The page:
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Giovanni Battista VIOTTI (1755-1824)
Duet for Violin Solo in D minor, WV23 (IGV3) (1821) [5:37]
Johann Sebastian BACH (1685-1750)
Partita No. 2 for Solo Violin in D minor BWV 1004: Chaconne (c.1720) [14:22]
Eugène YSAŸE (1858-1931)
Sonata No. 6 in E major, Op.27 (1923) [6:42]
Niccolò PAGANINI (1782-1840)
Introduction and Variations in G on ‘Nel cor più mi sento’ from La molinara, after Giovanni Paisiello (1740-1816) [12:44
Paul MÉFANO (b.1937)
Alone (1999) [6:49]
Alexis Galpérine (violin)
rec. 2002 live, Nancyphonies Festival; Méfano’s Alone; 2004 in a studio under the composer’s direction (Méfano)

Alexis Galpérine, born in 1955, is a distinguished French violinist and a student of Roland Charmy, Ivan Galamian and Henryk Szeryng. A laureate at the Carl Flesch and Paganini competitions he has subsequently performed worldwide both as a soloist and chamber player. He’s also had a number of works dedicated to him - the programme includes Paul Méfano’s Alone, one of the best-known – and is a Professor at the Conservatoire National Supérieur de Musique de Paris. He is also known as a writer on musical topics and those who have followed Forgotten Records will have seen some of his essays in their booklets.

The solo recital here was recorded at the Nancyphonies Festival in 2002 by Philippe Perrot, with the exception of Alone, which was taped in a studio two years later with the composer in attendance, artistically directing the performance. The challenges of a solo recital are met via variety: Galpérine plays Viotti, Bach, Ysaÿe and Paganini. Viotti’s Duet for solo violin, one of those whimsical, almost paradoxical-seeming titles, was dedicated to Cherubini and is played with great buoyancy of rhythm, precision, elegance and appreciation of the various voicings. He brings itto life very adeptly indeed. It’s followed by the great Chaconne, during which Galpérine conveys the music’s tireless monumentality. Brief passing imperfections such as string touching and a few intonational buckles are corollaries of a live performance. He doesn’t aim for cumulative expressive intensity and some passages sound somewhat columnar, rhythmically speaking, but it’s a performance nonetheless of rewarding directness.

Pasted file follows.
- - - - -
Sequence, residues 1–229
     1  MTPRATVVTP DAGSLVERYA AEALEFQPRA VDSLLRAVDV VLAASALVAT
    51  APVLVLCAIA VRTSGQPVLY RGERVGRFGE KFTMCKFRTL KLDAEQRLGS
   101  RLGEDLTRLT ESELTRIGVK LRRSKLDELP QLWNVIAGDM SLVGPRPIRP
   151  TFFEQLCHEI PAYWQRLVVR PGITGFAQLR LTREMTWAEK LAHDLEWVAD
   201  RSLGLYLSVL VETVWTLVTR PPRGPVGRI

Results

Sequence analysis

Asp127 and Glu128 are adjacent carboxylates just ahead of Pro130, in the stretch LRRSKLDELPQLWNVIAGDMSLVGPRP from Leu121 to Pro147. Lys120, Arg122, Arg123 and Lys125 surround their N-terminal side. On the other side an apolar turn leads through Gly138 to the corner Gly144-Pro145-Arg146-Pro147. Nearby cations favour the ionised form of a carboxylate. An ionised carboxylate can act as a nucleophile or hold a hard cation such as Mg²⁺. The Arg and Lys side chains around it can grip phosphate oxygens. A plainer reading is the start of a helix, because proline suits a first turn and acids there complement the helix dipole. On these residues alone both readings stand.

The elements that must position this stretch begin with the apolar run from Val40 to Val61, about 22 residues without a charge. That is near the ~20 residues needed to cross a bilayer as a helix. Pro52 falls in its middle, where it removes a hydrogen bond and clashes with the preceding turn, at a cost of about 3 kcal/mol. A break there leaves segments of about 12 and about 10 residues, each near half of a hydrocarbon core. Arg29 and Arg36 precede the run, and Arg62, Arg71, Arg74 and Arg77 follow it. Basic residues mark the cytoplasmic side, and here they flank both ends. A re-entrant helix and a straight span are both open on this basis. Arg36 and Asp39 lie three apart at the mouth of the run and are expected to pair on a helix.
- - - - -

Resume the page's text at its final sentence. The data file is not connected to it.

Ysaÿe’s Sixth Sonata was dedicated to the great Spanish violinist Manuel Quiroga who never left behind a major sonata or concerto recording but did set down a sequence of exquisitely performed genre pieces. The cycle of sonatas has been increasingly colonised by fiddlers of late, whereas for decades it was largely ignored on disc. Whilst he just misses the festive fanfare elements that launch the sonata he plays with commitment and a wide range of colour. He doesn’t fall into the trap of playing this sonata too fast, either. He ends with Paganini’s Nel cor più non mi sento variations, a piece beloved of finger gymnasts of old, such as the Czech master Vaša Příhoda, who souped up his own piano-accompanied version. Galpérine is appropriately ardent in the more expressive passages, and evocative in the whistling harmonies.

The online catalogue of Méfano’s music states that Alone lasts twelve minutes but the performance under discussion lasts less than seven. As the composer was at hand, he must have sanctioned this. The studio acoustic here is chillier than in the live recital but the playing remains taut and resinous, the play of silence and active music-making reflecting the work’s expression-laden title.

As for the recording, there is some ambient noise from the festival stage, as well as applause and performer shoe stamps in the Ysaÿe. in particular. A two-page portrait of the violinist, in French only, is printed in the booklet note. This is a good souvenir of his artful musicianship.

Jonathan Woolf



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